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Discover a 2,400-year-old burial pit with 100 horse skeletons near the Tomb of the Lord

A 2,400-year-old pit containing the remains of horses and chariots believed to belong to a member of an ancient royal house has been discovered in China.

The well is part of a group of tombs believed to contain the remains of noble families from the state of Zheng, who ruled the region intermittently between 770 and 221 BC.

Excavations in the surrounding land have already found 18 large pits containing horses and chariots and more than 3,000 tombs.

A 2,400-year-old pit containing the remains of horses and chariots believed to belong to a member of an ancient royal house has been discovered in China. This image shows an investigator examining one of the cars.

THE ZHOU DYNASTY

The Zhou dynasty followed the Shang dynasty and preceded the Qin dynasty and lasted longer than any other in Chinese history.

The Ji royal house’s military control of China lasted from 1046 to 771 BC. C. during a period known as the Western Zhou.

Centralized power declined during the Spring and Autumn (770 to 476 BC) and Warring States (475 to 221 BC) periods.

During these times, the Zhou court had little control over the constituent states that were at war with each other until the Qin state consolidated power and formed the Qin dynasty in 221 BC.

The Zhou dynasty had formally collapsed only 35 years earlier, although at that time the dynasty had only had nominal power.

Archaeologists made the discovery near the city of Xinzheng in central China’s Henan province.

Since February, four carts and the skeletons of more than 90 horses have been unearthed from the pit.

It is the largest of three pits within a group of tombs that have been recently excavated, according to Xinhua, the Chinese state news agency.

Ma Juncai of the provincial institute of archeology and cultural heritage, who led the excavation, told Xinhua: “As the main tomb has been looted and no written records have been found yet, it is difficult to identify the owner of the tomb.”

More than 100 horses are believed to be buried in the pit, where several bronze artifacts have also been discovered.

Experts say these reveal details about the technology and production methods used at the time, as well as the family’s social status and burial practices of the time.

Although it is not yet known exactly who the tomb belonged to, it is believed that three of the carts were for the daily use of a lord of the state of Zheng and his wife.

One of the chariots in particular stood out from the rest because it is larger and more extravagantly decorated, suggesting a more ceremonial function.

It measures about eight feet (2.56 m) long and five and a half feet (1.66 meters) wide.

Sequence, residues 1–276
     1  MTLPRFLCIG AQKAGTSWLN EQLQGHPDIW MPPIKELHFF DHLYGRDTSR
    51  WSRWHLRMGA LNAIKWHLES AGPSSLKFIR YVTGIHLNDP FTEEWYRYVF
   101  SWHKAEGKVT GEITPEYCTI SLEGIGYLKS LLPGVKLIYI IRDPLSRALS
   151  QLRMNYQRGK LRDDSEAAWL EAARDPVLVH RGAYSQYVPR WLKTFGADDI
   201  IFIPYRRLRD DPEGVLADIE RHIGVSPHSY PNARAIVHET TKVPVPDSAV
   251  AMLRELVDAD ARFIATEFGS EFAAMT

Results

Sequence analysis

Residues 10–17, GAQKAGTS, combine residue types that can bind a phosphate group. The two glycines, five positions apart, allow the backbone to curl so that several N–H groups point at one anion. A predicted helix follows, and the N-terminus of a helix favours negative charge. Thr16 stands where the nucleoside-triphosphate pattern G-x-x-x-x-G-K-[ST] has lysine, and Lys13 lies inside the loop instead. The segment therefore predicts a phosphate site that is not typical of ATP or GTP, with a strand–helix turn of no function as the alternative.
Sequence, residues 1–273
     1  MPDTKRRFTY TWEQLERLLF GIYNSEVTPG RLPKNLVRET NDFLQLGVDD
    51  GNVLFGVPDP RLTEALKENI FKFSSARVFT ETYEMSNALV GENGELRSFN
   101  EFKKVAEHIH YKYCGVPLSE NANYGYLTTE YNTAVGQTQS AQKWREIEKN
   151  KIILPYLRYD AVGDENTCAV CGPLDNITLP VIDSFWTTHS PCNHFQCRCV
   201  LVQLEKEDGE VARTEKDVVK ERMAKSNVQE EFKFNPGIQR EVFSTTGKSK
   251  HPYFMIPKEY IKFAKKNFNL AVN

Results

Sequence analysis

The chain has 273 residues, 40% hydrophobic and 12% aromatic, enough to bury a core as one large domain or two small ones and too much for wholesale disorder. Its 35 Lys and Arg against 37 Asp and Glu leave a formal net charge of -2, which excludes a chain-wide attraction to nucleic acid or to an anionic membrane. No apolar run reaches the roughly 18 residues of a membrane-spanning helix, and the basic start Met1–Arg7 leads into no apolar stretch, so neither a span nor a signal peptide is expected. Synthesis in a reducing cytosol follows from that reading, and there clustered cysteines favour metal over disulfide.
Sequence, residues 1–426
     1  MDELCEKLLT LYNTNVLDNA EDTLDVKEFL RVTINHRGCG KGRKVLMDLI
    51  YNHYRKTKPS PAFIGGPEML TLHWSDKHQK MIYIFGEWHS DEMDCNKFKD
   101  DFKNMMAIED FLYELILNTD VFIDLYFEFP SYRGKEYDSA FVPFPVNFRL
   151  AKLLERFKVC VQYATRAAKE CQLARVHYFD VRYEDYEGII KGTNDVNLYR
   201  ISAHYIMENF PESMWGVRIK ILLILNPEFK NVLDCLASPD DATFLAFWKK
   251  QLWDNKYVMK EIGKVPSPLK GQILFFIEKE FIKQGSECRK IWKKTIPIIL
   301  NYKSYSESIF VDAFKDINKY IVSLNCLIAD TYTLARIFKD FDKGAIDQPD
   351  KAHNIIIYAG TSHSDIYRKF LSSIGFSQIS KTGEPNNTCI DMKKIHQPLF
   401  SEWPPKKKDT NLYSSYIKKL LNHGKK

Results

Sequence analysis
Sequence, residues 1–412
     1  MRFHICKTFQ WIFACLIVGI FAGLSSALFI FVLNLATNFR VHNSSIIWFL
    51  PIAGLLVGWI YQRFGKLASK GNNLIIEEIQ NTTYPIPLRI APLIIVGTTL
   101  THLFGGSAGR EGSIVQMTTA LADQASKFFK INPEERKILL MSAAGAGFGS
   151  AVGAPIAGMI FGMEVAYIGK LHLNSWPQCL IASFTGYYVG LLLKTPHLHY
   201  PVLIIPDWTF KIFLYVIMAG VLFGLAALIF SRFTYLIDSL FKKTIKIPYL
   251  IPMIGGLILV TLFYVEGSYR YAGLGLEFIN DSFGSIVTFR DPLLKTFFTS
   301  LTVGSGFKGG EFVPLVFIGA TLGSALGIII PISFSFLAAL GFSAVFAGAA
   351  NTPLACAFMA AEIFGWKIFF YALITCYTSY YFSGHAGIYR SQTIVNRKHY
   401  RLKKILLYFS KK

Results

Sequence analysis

The well is part of a group of tombs believed to contain the remains of noble families from the state of Zheng, who ruled the region intermittently between 770 and 221 BC. Experts inspect the site.

Excavation of the surrounding land has already found 18 large pits containing horses and chariots and more than 3,000 tombs.

It also had protection from rain and sun and was decorated with bronze and bone artifacts.

It is believed that the horses were ๐“€๐’พ๐“๐“ before being placed in a pit next to the owner’s grave, and then the dismantled carts were placed on top.

Centralized power, maintained by the Zhoฯ… dynasty for thousands of years, declined throughout the Spring and Autumn (770 to 476 BC) and Warring States (475 to 221 BC) periods, when the Zheng State took power.

Since February, four carts and the skeletons of 90 horses have been unearthed from the pit. This image shows the remains labeled for later analysis.

The pit is the largest of three within a group of tombs that have been excavated in the region so far.

This is not the first time that burials of this type have been discovered.

In 2011, archaeologists painstakingly discovered remains of nearly 3,000-year-old wooden horses and chariots in a Zhoฯ… dynasty tomb in Lฯ…oyang, Henan province, about 75 miles (120 kilometers) away.

The pits also contained well-preserved evidence of bronze and pottery items from the early Western Zhoฯ… dynasty.

More than 100 horses are believed to be buried in the pit, where several bronze artifacts have also been discovered. Here, archaeologists inspect the remains.

Experts say the artifacts and remains (pictured) reveal details about the technology and production methods used at the time, as well as the family’s social status and burial practices of the time.

It is believed that the horses were ๐“€๐’พ๐“๐“ before being placed in a pit next to the owner’s grave, and dismantled carts would then be placed on top.

Archaeologists made the discovery near the city of Xinzheng in central China’s Henan province.